Las Vegas becomes the eeriest city on earth after coronavirus lockdown.
On March 5th 2020, a Las Vegas man in his 50s became the first confirmed case of COVID-19 in Nevada. Eleven days later on March 16th, a man in his 60s (also from Las Vegas) died from coronavirus, The following day, Governor Steve Sisolak ordered that all non-essential businesses be closed for an immediate period of thirty days. Whilst the definition on ‘non-essential’ services has caused plenty of controversy across the State, most can agree that all of Sin City’s many casinos, strip clubs and bars fall into this category as well as those sidelines run to entertain adults seeking other sins! As a result, the nation’s playground has been transformed from the entertainment capital of the world to an eerie ghost town.
In this feature, we look at the timeline of the lockdown in Las Vegas including details of the most recent measures in place, when they might be lifted and the impact will outbreak will have on the local economy, including those working in adult entertainment.
Nevada (Finally) Announces Statewide Lockdown
Governor Sisolak officially declared a State of Emergency on March 12th 2020 that will remain in place until ‘the Chief Medical Officer notifies the Governor that the health event has abated and the Governor issues an order terminating the emergency’.
The declaration was duplicated around the country as the Unite States recognized the fact that COVID-19 was a serious threat on its shores.
The worst affected areas in North America remain the states of New York and California with both being the first to announce lockdown measures on March 19th and March 21st respectively. Across the United States, most regions are now under some form of lockdown orders or official advisory notice with Nevada being one of the last to introduce such actions.
Along with Florida, Maine, Texas and Pennsylvania, Nevada State Governor’s office finally issued a statewide stay-at-home order on April 1st which is effective until April 30th.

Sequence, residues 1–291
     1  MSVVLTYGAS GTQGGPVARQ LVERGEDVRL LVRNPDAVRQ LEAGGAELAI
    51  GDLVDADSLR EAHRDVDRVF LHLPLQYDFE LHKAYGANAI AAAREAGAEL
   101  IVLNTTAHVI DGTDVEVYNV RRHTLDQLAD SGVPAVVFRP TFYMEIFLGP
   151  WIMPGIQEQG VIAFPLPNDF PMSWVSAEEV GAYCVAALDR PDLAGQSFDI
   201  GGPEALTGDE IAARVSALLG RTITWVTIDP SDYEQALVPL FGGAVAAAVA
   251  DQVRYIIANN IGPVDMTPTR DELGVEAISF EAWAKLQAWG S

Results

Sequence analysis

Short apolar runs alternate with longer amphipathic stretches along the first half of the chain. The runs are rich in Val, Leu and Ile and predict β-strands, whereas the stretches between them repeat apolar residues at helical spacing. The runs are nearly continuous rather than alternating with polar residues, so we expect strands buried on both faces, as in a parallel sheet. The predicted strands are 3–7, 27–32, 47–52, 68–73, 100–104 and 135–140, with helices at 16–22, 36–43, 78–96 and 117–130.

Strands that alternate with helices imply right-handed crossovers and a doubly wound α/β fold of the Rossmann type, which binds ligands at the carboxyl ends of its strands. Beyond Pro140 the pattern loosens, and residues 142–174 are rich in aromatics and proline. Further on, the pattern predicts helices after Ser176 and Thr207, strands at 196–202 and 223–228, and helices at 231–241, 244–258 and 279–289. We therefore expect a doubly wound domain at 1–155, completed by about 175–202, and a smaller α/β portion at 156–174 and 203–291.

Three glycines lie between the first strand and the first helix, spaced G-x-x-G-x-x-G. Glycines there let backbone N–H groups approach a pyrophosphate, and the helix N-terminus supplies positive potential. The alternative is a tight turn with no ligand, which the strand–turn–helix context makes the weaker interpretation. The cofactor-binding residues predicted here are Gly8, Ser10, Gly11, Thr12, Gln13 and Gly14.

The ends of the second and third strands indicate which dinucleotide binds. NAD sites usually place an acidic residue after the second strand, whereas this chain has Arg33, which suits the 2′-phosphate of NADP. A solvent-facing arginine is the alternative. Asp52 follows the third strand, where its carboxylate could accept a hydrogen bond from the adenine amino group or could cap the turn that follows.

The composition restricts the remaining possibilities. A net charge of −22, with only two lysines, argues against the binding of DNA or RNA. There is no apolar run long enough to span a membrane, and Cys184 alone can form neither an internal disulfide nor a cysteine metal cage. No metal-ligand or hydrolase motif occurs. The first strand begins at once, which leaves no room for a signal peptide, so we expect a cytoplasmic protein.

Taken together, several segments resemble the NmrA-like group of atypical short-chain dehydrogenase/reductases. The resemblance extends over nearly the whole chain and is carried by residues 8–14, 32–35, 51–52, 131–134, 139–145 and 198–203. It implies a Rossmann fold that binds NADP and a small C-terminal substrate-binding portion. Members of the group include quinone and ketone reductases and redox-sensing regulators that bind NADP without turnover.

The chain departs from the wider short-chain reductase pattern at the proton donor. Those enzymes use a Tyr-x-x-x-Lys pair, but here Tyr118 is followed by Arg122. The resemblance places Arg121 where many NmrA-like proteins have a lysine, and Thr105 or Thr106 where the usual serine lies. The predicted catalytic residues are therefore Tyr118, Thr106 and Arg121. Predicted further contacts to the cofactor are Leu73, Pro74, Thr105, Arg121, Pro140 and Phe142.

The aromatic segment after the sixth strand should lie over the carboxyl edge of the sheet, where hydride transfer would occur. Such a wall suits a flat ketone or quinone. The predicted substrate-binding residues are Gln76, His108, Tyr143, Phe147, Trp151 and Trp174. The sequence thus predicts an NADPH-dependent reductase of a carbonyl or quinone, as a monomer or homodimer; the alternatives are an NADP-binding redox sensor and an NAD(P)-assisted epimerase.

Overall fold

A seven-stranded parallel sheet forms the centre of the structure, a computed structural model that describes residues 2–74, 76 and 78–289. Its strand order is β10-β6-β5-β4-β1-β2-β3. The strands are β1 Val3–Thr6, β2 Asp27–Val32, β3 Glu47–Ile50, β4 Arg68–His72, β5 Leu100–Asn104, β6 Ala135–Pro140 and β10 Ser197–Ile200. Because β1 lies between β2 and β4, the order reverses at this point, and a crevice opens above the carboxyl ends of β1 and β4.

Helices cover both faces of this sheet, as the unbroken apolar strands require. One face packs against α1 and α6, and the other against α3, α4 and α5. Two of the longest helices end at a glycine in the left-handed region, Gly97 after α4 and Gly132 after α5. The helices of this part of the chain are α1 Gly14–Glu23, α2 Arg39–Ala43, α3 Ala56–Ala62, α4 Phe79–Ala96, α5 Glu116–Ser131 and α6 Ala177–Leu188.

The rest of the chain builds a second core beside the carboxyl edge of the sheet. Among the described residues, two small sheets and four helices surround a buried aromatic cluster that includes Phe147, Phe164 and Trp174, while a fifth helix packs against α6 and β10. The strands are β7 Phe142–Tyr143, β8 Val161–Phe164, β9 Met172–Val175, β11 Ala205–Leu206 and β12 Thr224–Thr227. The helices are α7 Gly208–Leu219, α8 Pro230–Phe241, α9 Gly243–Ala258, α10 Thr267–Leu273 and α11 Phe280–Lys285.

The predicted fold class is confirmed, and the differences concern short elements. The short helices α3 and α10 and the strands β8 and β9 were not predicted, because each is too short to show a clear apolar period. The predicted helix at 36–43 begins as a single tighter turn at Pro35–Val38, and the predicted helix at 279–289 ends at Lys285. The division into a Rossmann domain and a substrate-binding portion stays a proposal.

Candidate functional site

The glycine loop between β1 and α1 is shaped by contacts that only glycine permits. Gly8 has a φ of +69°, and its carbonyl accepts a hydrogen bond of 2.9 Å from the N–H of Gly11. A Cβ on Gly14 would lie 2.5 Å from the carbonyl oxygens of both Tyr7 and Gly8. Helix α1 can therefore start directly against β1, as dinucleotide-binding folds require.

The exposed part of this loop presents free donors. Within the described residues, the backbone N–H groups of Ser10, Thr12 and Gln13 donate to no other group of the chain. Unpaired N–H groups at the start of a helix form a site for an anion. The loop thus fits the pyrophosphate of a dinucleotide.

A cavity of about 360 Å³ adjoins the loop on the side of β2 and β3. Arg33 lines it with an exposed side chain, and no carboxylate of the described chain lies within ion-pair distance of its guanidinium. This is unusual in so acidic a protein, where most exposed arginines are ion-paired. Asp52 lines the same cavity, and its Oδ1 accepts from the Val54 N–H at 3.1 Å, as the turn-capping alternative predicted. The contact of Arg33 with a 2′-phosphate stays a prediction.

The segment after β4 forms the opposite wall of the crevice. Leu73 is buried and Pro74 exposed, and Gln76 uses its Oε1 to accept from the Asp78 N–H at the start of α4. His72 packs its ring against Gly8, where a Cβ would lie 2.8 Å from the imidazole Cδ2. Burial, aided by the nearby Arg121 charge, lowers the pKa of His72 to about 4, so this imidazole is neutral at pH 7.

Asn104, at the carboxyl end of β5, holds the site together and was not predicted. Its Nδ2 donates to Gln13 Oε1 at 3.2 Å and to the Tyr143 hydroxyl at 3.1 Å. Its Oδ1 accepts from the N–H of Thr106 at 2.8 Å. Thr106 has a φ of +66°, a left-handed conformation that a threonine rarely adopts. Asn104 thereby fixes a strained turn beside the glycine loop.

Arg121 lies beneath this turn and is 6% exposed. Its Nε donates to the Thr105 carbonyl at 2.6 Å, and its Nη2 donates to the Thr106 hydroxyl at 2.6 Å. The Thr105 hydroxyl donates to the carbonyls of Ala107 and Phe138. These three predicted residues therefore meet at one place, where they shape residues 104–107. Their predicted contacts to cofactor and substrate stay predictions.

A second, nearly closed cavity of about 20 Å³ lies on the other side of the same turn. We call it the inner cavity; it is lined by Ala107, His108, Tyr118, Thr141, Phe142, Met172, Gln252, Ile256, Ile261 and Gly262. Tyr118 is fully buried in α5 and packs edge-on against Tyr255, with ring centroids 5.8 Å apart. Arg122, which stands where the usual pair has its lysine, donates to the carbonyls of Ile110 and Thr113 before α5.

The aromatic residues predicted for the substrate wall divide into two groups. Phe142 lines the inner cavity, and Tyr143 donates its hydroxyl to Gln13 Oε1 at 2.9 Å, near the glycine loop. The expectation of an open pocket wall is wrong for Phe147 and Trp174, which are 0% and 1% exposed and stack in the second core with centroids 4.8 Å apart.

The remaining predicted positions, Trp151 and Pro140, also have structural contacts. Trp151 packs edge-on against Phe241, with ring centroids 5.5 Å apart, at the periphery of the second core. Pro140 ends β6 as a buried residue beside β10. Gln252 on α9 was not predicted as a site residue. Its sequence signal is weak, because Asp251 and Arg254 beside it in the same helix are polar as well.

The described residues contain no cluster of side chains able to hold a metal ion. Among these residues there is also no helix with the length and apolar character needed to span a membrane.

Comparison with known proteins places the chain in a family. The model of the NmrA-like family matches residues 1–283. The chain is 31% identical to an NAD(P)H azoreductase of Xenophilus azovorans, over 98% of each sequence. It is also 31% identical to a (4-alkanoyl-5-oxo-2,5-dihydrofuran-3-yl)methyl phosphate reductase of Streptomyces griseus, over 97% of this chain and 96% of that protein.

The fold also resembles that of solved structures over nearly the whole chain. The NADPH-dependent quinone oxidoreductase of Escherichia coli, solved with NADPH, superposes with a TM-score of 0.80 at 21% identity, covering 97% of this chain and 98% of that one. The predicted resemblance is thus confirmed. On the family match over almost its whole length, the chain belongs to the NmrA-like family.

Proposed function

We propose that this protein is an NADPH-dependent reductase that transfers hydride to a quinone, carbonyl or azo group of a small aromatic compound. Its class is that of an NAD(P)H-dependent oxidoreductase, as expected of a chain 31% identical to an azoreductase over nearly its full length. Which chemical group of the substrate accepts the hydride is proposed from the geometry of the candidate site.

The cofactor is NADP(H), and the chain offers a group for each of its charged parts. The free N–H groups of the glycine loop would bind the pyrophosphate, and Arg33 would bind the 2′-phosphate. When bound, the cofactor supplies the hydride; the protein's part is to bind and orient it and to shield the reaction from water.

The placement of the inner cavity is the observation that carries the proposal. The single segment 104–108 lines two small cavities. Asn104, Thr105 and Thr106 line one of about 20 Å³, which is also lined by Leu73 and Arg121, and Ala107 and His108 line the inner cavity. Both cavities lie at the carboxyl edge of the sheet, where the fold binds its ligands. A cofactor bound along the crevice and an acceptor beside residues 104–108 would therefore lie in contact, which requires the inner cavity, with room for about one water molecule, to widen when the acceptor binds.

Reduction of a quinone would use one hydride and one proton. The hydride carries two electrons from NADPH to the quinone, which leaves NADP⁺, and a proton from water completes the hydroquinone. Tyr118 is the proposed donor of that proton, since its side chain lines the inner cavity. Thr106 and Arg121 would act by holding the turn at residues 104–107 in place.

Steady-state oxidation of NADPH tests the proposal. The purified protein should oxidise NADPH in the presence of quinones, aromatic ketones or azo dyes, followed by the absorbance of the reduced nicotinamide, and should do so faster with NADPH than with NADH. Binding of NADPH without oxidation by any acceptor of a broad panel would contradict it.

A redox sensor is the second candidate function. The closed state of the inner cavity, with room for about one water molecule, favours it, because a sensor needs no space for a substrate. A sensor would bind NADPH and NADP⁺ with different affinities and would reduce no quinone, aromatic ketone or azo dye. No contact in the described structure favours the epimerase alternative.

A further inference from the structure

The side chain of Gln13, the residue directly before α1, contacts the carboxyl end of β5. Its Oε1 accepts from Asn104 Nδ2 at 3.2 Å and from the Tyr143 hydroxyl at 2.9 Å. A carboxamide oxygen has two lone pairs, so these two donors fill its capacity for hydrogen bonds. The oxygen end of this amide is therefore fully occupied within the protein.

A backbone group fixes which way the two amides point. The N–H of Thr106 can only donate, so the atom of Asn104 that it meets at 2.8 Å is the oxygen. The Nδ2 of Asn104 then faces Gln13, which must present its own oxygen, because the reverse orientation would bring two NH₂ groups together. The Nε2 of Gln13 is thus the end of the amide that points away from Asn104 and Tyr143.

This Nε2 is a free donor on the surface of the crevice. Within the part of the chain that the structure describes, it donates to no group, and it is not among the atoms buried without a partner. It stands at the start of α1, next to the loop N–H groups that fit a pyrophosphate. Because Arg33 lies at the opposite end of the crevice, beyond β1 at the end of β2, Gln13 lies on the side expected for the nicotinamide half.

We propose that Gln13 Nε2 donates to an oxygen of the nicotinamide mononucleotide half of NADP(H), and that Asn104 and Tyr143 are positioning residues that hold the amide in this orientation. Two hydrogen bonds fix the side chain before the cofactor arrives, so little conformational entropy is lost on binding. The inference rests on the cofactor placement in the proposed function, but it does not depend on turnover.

Under the current order, residents are restricted in the following ways:
- Travel outside home: Only for essential needs/work.
- Gatherings: People may not congregate in groups of ten or more.
- Business Closures: All non-essential places of work are closed.
- Quarantines: No statewide directive.
- Bars/restaurants: Take-out only.
- Beaches/parks: Most parks open for day use only.
The directive on the closure of non-essential places of works includes recreational, entertainment and personal-care businesses. Essentially, as far as Las Vegas goes this covers pretty much all the main venues.
No strip clubs, no bars, no malls, no gyms, no massage parlors, no poker halls, no movie theater and no casinos. Not to mention, no escorts, no strippers, no illegal street prostitutes and no sex clubs. Yes, even the city’s swinger communities have shut up shop for the foreseeable future.
The result has left locals astonished by the change in the landscape of the city known as the Entertainment Capital of the World. In the peak of the Spring Break season and on the approach to the Easter holidays, the city is usually bustling with tourists but, instead, the famous Vegas neon lights are all dimmed. Some casinos have placed signs at their entrance to notify customers they are closed whilst others have cordoned off their doors with yellow tape.
This isn’t the first time that that the Strip has closed with the lights last falling dark across Las Vegas in 1963 when JKF was assassinated but this is the first time when neither the casino owners or state officials know when the doors can re-open.
The initial directive given on March 17th was for a period of 30-days yet the most recent order is expected to remain in force until at least the end of April.
There are some who have criticized the delays in issuing such measures in Nevada with some cynically citing the economics of shutting down Vegas as being a prime motivation and not the health of the population. Some have gone further still and sardonically noted that the President’s own resort, Trump International Hotel, will stand to lose millions of dollars in revenue as a result of the closure.
Las Vegas Lockdown & The Local Impact
The population of the Las Vegas area is just 2.7 million, yet this small city hosts almost 41 million visitors every year. The whole economy is built around this industry and together with gaming and conventions, the tourism sector directly accounts for almost half of the employment in this region.
The loss of visitors to Las Vegas will hit the city hard and the local economy is certainly going to take a big hit.
The larger convention centers, casinos, hotels and resorts may well be able to ride out the storm but for those employees being furloughed and laid off, the financial outlook seems pretty bleak in the short and mid term. Not to mention those smaller businesses that rely indirectly on the tourist market.
Whilst the government is able to offer aid to those in employment, there are many whose livelihoods may not be covered by the state funding which is being made available.
The adult industry in the Las Vegas area is a diverse one and covers everything from erotic massage and stripping to escorting and (outside the city limits in places like Nye County) legalized prostitution in state licensed brothels.